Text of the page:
Archive for July, 2009


I wanted to describe a couple of the traits often associated with autism that were displayed by the character of Christopher in The Curious Incident of the Dog in the Night-time but that don’t describe me, at least not in the same way.  (This sort of difference is to be expected simply because no two people are alike, and that holds for people with autism or Asperger’s– on top of the fact that Christopher is a fictional character!)

I remember that when I was talking about the trait of obsessiveness according to the DSM-IV‘s criteria for diagnosing Asperger’s syndrome, that I was able to give some examples of the part about having extremely focused interests.  However, I wasn’t able to think of a good example for the following criterion:

2.  Apparently inflexible adherence to specific, nonfunctional routines or rituals.

The character of Christopher in Mark Haddon’s novel hates the colors brown and yellow and loves the color red.  Based on these preferences, he has a fairly complicated procedure that he uses every day when he watches cars from his bus window as he goes to school.

  • Passing 4 red cars in a row means it is a “Good Day.”  (He later clarifies that this means “a good day for starting projects and planning things.”)
  • Passing 3 red cars in a row means it is a “Quite Good Day.”
  • Passing 5 red cars in a row means it is a “Super Good Day.”

(Why is 3 better than 4?  I don’t remember Christopher explaining that, but I think it’s because he likes prime numbers, and 4 is not prime.)

On the other hand, passing 4 yellow cars in a row means it is a “Black Day,” which Christopher defines as “a day when I don’t speak to anyone and sit on my own reading books and don’t eat my lunch and Take No Risks.  If he has two “Black Days” in a row, on the following day, he allows himself to keep his eyes shut for the entire bus ride to school.

This behavior seems pretty strange to most people, especially in light of the fact that in the rest of the book, Christopher places a great amount of importance on logical reasoning.  He does not respond to others’ emotional outbursts the way people might expect, always giving each matter a lot of thought, and he rejects supernatural explanations for mysteries, believing that a natural explanation will eventually present itself.

So why does Christopher allow the color of the cars he sees on the way to school to influence what he does during the day?  Here is how he explains it: Continue reading

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A couple of days ago, I picked up The Curious Incident of the Dog in the Night-time by Mark Haddon and ended up reading through it in just a few hours.  The narrator in the novel is 15-year-old Christopher Boone, who is on the autistic spectrum.  At the beginning of the book, Christopher finds that someone has killed his neighbor’s dog, Wellington, and he sets out to solve the mystery of who committed the murder.  His investigation ends up revealing a lot more about both Christopher himself and the people who live around him.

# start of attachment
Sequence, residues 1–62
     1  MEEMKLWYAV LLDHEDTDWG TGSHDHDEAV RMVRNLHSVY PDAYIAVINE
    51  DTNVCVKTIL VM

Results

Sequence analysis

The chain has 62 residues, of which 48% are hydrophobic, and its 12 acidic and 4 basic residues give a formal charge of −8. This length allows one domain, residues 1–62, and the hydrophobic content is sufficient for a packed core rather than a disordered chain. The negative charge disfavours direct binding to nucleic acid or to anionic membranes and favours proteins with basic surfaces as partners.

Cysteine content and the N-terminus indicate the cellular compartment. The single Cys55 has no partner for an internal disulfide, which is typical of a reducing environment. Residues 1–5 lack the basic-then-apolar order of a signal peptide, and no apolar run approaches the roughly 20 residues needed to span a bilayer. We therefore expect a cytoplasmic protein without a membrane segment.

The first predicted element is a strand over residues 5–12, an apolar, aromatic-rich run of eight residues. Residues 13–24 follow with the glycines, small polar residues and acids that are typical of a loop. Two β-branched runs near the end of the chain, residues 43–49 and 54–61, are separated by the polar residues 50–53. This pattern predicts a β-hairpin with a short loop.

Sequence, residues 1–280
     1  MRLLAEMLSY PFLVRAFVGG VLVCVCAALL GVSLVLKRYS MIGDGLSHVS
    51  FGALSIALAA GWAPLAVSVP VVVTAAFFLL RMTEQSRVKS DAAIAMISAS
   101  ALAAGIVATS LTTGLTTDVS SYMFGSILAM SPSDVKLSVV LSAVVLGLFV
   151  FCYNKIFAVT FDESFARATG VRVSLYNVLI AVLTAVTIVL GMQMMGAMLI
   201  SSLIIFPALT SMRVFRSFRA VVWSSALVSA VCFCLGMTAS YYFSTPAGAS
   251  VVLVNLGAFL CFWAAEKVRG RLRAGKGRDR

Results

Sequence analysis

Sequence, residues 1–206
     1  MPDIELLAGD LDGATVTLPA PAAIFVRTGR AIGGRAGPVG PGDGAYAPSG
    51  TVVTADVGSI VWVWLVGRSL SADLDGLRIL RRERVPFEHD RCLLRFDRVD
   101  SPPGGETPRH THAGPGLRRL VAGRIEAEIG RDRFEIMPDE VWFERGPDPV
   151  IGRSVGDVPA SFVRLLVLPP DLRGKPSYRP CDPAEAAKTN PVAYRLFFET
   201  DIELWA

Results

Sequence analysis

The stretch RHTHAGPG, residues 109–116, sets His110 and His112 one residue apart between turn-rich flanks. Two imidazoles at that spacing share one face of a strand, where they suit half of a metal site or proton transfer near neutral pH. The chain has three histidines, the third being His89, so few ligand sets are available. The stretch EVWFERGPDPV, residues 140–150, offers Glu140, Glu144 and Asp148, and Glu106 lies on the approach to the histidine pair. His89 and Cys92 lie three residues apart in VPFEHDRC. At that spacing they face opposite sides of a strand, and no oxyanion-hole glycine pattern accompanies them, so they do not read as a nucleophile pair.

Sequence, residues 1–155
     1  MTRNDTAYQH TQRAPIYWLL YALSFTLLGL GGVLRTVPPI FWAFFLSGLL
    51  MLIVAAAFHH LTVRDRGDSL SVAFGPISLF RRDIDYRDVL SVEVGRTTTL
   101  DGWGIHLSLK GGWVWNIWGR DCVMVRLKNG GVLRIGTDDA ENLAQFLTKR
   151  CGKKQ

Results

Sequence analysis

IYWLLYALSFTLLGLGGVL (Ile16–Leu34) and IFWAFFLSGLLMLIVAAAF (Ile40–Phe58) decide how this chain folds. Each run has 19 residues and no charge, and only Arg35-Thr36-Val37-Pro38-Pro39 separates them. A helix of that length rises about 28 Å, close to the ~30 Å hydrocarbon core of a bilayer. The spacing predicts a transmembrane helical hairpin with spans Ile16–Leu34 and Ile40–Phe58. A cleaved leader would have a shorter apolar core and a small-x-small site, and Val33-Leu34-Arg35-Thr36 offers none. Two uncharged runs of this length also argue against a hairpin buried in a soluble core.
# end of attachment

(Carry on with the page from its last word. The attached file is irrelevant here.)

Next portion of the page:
I think that Haddon did an excellent job of writing with his main character’s voice.  The Curious Incident of the Dog in the Night-time is different from a typical novel in many ways.  Instead of chapters, the book has short sections labeled with the prime numbers (2, 3, 5, 7, 11, 13, 17, 19, 23… up to 233).

These sections may at times seem to leap around to unrelated topics, discussing math, history, and philosophy in the middle of painstakingly detailed descriptions of seemingly mundane events.  But if you give Christopher time to lay out his thoughts neatly, you will find that it is all connected quite logically; in fact, it helps to explain actions on Christopher’s part that other characters in the novel’s world do not understand.

Most novels introduce the major characters with at least a paragraph describing their appearance and mannerisms.  This book never does so, even for Christopher’s father and mother, because those social cues are not what Christopher notices.  When he does include descriptive information, the things he notices are often not what would be apparent to other people– and he always explains that he is deliberately including a passage of description because he knows he is supposed to.

The novel includes a lot of diagrams and figures in accordance with how visually Christopher’s mind works, and it does a great job of getting across the idea of sensory overload.  When Christopher has to navigate through a train station, he sees the words of every sign, every ad, every bit of graffiti screaming at him, and it makes him physically ill.  It takes all of his will to find the next bit of information he needs.